To Each According To...? Markets, Tournaments, and the Matching Problem with Borrowing Constraints
We compare the performance of markets and tournaments as allocative mechanisms in an economy with borrowing constraints. The model consists of a continuum of individuals who differ in their initial wealth and ability level (e.g. students) and that are to be assigned to a continuum of investment opportunities or inputs of different productivity (e.g. schools of different qualities). With perfect capital markets both mechanisms achieve the efficient allocation, though markets generate higher aggregate consumption because of the waste associated with the production of signals under tournaments. When borrowing constraints are present, however, tournaments dominate markets in terms of aggregate output and, for sufficiently powerful signaling technologies, also in terms of aggregate consumption.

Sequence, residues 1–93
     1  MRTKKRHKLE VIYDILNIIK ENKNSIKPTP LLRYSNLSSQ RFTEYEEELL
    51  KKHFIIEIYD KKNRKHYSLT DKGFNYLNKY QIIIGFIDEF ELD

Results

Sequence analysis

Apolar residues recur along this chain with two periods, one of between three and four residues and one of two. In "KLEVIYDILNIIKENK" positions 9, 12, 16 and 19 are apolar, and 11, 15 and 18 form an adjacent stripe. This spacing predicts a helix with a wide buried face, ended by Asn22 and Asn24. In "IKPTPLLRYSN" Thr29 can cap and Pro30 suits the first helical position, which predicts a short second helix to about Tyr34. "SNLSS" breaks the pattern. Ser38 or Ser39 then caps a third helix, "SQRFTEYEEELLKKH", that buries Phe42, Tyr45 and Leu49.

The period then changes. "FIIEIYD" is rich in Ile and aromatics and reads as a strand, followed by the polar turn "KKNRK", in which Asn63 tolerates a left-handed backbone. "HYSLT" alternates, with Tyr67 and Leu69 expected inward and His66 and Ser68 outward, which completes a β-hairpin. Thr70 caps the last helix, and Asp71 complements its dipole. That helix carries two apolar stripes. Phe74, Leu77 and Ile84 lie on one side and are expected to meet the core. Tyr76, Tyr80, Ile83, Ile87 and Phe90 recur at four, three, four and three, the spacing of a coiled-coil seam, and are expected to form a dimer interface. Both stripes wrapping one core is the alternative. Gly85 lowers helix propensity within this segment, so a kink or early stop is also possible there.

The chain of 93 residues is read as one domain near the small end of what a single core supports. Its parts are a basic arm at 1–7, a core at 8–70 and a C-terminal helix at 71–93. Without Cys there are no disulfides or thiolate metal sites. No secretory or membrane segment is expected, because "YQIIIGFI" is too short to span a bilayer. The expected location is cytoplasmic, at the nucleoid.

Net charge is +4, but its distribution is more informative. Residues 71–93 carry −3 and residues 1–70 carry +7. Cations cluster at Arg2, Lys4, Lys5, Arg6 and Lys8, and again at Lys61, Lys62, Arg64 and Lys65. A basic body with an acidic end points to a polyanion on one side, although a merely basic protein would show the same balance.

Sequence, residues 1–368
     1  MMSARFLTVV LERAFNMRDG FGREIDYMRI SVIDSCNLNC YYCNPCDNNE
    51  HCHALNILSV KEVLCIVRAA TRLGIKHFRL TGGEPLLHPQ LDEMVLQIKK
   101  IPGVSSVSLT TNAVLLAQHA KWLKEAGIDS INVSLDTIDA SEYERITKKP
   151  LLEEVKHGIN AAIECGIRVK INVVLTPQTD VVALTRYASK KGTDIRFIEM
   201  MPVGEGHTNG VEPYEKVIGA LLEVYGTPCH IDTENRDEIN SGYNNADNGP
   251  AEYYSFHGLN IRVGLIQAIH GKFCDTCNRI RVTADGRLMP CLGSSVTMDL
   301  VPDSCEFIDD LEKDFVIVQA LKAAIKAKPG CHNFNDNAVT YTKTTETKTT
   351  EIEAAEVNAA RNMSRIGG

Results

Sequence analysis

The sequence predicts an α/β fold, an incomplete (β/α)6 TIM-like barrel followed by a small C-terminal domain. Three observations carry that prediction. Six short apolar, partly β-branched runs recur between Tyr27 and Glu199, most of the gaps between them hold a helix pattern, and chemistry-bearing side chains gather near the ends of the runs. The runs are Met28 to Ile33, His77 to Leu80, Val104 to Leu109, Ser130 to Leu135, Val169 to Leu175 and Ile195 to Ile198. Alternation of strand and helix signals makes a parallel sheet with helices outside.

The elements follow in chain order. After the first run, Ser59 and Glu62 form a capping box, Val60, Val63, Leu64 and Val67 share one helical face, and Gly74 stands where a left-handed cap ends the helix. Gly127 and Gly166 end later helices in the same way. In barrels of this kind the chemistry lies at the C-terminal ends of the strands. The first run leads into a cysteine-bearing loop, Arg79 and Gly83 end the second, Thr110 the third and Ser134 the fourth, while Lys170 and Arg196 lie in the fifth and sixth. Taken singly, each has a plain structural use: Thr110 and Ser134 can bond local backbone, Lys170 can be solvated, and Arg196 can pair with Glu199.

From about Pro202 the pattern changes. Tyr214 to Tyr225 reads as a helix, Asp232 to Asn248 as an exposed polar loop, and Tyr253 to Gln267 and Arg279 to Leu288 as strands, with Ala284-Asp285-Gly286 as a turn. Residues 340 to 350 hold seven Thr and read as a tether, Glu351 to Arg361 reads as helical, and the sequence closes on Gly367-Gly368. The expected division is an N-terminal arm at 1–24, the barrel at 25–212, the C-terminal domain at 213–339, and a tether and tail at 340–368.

|Date of creation:||Feb 1997|
|Publication status:||published as Review of Economic Studies, Vol. 66, no. 4 (1999): 799-824.|
|Contact details of provider:|| Postal: National Bureau of Economic Research, 1050 Massachusetts Avenue Cambridge, MA 02138, U.S.A.|
Web page: http://www.nber.org
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